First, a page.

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FP432 – The Irregular Division: Hostilities, Part 3 of 3

Welcome to Flash Pulp, episode four hundred and thirty-two.

Flash PulpTonight we present The Irregular Division: Hostilities, Part 3 of 3
(Part 1Part 2Part 3)
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This week’s episodes are brought to you by Nutty Bites!


Flash Pulp is an experiment in broadcasting fresh pulp stories in the modern age – three to ten minutes of fiction brought to you Monday, Wednesday and Friday evenings.

Tonight we join the Irregular Division – currently consisting of Ms. Atlas, cybernetically modified wonder of the American military, and Head, occasional thief and government contractor – as they take an unlikely journey across Britannia’s decaying countryside.


The Irregular Division: Hostilities, Part 3 of 3

Written by J.R.D. Skinner
Art and Narration by Opopanax
and Audio produced by Jessica May


November, Year One
Excerpt Source: Verbal Debrief Three Days Following Operation Blighty

Adviser: Major Nelson Wily
Subject: Milo “Head” Smith

Head: “It was some real Alice through the Looking Glass BS, let me tell you.”

[Inaudible, then the sound of a chair being adjusted]

Head: “Yeah, as if the landing wasn’t rough enough, Atlas was so quick to kill the chumps on the ground I didn’t have time to suggest that we should attempt to take a hostage.”

Wily: “You disapprove of her behaviour on the ground?”

Head: “Nah, I guess not. Who’s more excited about dying than a doomsday cultist, right? – and, to be fair, those guys seemed quite intent on shooting us.”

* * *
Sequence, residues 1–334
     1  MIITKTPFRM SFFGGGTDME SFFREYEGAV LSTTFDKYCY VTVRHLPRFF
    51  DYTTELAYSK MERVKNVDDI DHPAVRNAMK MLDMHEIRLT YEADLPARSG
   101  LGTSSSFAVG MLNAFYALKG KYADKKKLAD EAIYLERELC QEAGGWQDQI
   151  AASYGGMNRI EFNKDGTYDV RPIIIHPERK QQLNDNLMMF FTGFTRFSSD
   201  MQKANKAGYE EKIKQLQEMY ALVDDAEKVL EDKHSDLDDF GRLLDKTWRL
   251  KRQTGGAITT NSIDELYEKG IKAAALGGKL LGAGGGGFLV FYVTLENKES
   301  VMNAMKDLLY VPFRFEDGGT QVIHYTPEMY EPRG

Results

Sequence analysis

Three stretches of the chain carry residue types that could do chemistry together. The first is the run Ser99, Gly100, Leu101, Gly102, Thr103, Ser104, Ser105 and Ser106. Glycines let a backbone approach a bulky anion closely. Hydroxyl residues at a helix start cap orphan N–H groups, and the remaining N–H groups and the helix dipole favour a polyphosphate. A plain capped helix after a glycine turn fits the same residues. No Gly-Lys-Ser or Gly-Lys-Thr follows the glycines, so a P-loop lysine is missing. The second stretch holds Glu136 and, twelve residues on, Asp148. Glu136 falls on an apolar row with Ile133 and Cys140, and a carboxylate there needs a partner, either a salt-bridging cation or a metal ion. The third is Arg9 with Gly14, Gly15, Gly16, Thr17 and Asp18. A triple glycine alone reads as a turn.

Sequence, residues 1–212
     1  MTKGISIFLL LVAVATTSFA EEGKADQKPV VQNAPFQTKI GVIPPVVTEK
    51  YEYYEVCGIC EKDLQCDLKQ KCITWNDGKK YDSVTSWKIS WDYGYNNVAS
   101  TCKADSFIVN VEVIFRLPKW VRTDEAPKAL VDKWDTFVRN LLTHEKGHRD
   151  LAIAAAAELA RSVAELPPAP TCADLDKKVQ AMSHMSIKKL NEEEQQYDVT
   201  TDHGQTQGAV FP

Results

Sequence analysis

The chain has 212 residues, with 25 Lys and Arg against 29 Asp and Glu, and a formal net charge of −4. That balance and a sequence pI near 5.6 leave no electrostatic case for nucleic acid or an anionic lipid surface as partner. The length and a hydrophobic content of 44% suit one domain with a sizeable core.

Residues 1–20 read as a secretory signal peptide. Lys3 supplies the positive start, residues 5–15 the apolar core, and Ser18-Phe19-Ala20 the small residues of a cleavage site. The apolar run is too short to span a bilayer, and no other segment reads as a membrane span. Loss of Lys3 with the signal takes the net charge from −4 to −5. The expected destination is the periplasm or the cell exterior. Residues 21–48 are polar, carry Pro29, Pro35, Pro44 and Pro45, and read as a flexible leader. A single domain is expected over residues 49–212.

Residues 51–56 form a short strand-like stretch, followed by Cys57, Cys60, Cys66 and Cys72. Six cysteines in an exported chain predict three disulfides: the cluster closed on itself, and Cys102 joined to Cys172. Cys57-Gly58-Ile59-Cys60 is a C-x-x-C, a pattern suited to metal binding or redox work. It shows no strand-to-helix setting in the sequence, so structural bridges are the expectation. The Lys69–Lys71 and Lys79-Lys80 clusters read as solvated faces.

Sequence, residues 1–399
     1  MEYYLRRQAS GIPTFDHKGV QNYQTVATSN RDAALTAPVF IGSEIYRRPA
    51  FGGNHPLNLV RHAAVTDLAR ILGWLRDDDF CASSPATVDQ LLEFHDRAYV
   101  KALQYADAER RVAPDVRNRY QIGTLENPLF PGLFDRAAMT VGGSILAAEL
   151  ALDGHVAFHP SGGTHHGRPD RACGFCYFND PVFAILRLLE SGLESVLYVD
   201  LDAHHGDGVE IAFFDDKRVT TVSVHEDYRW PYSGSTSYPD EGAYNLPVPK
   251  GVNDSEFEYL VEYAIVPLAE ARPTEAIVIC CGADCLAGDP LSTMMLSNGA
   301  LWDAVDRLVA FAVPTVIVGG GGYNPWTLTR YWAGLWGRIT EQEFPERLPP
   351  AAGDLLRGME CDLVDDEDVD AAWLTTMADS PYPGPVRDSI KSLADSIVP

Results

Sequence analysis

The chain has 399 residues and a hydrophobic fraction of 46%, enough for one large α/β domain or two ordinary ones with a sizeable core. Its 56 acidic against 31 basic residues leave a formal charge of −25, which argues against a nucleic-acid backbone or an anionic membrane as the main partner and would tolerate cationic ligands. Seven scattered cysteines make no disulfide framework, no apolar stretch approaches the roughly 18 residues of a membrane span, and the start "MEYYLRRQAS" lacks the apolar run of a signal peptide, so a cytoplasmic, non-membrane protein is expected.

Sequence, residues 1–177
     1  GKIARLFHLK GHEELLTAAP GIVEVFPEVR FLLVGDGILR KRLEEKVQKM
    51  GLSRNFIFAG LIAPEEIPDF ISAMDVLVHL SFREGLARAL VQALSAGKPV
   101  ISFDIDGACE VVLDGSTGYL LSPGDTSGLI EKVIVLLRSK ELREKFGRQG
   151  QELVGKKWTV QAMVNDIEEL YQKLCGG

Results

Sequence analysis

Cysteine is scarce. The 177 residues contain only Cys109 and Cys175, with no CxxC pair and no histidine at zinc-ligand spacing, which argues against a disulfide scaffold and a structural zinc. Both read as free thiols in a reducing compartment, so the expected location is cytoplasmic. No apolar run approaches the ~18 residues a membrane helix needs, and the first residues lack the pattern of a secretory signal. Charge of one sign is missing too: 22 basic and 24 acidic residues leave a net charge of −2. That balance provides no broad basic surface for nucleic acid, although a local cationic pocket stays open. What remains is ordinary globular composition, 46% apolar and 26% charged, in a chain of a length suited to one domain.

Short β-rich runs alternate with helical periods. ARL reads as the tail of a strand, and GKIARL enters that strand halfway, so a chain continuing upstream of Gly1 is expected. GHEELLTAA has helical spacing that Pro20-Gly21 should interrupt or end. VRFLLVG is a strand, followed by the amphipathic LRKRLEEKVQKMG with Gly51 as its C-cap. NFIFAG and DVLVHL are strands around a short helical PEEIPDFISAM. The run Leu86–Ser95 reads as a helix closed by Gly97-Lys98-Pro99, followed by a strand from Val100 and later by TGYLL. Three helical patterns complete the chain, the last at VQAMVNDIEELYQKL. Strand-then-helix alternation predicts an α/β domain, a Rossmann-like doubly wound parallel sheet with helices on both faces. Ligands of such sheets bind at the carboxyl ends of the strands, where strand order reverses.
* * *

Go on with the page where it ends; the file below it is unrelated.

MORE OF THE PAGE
Wily: “The video of their setup makes it appear pretty simple?”

Head: “More firepower than you’d expect in a gun-less nation’s park, but otherwise it mostly looked like they were winter camping. We secured the site, which is to say we picked up their weapons and had a poke about. In their packs we found zip ties, a portable satellite internet connection, and enough tranquilizers to tuck in Michael Jackson.

“At that point it was obvious that we’d either interrupted a particularly kinky weekend, or they’d had some abductions in mind.

“While Jen phoned home, I used the network password you’d provided to get myself back online.”

Wily: “That’s when you had your clever little idea?”

Head: “Well, let’s say it was half ‘clever idea’ and half ‘bored habit.’ Our intel guys had found the encampment based solely on the fact that it was the only site still generating human-based internet traffic, and it was the same sort of notion that put us on the road.

“I was mentally flipping through British streams and feeds; some sites that I visit – uh, used to visit – regularly, some that I hadn’t thought of in years, and I found myself wandering by BBC Radio 1. I paused there for a moment, as they’d left a maudlin take on God Save the King running on loop.

“The weird thing was, it stopped, skipped back thirty seconds, then started again at half speed.

“That’s when I started yelling, which you can probably make out on Atlas’ call log.”

Wily: “I’ve heard it. You sound excited.”

Head: “Well, it was the solution to an unexpected puzzle. If the genocidal nutters had been intending on kidnapping someone, then they must have expected there to be survivors. This kind of made their camping location, at the center-ish of the island, make sense.

FP432 - The Irregular Division: Hostilities, Part 3 of 3“The machines, on the other hand, didn’t know or care if anyone had survived. There were still tiny European cars idling away as we passed, and I feel confident they gladly did so until their fuel ran dry. On that same note, there’s no reason at all for an organization like the BBC to have live-to-air audio chopping and dropping. Clearly someone, likely someone who had no idea what they were doing, was messing with the controls.”

Wily: “That meant a drive to the BBC buildings in London.”

Head: “Uh huh. Easy enough to commandeer a ride – like I said, some of them weren’t even fully parked when the infection took hold of their drivers, but they’d mostly been reasonable enough in their lusty passions to pull over. We ended up in a white Ford Fiesta with the steering wheel on the wrong side and an engine that sounded like it had been stolen from an RC car.